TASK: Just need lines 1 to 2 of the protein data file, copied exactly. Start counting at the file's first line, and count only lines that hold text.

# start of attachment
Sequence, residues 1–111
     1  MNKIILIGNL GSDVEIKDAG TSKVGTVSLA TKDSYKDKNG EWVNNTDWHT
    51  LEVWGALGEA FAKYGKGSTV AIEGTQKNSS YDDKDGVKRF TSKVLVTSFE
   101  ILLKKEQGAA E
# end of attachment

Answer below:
Sequence, residues 1–111
     1  MNKIILIGNL GSDVEIKDAG TSKVGTVSLA TKDSYKDKNG EWVNNTDWHT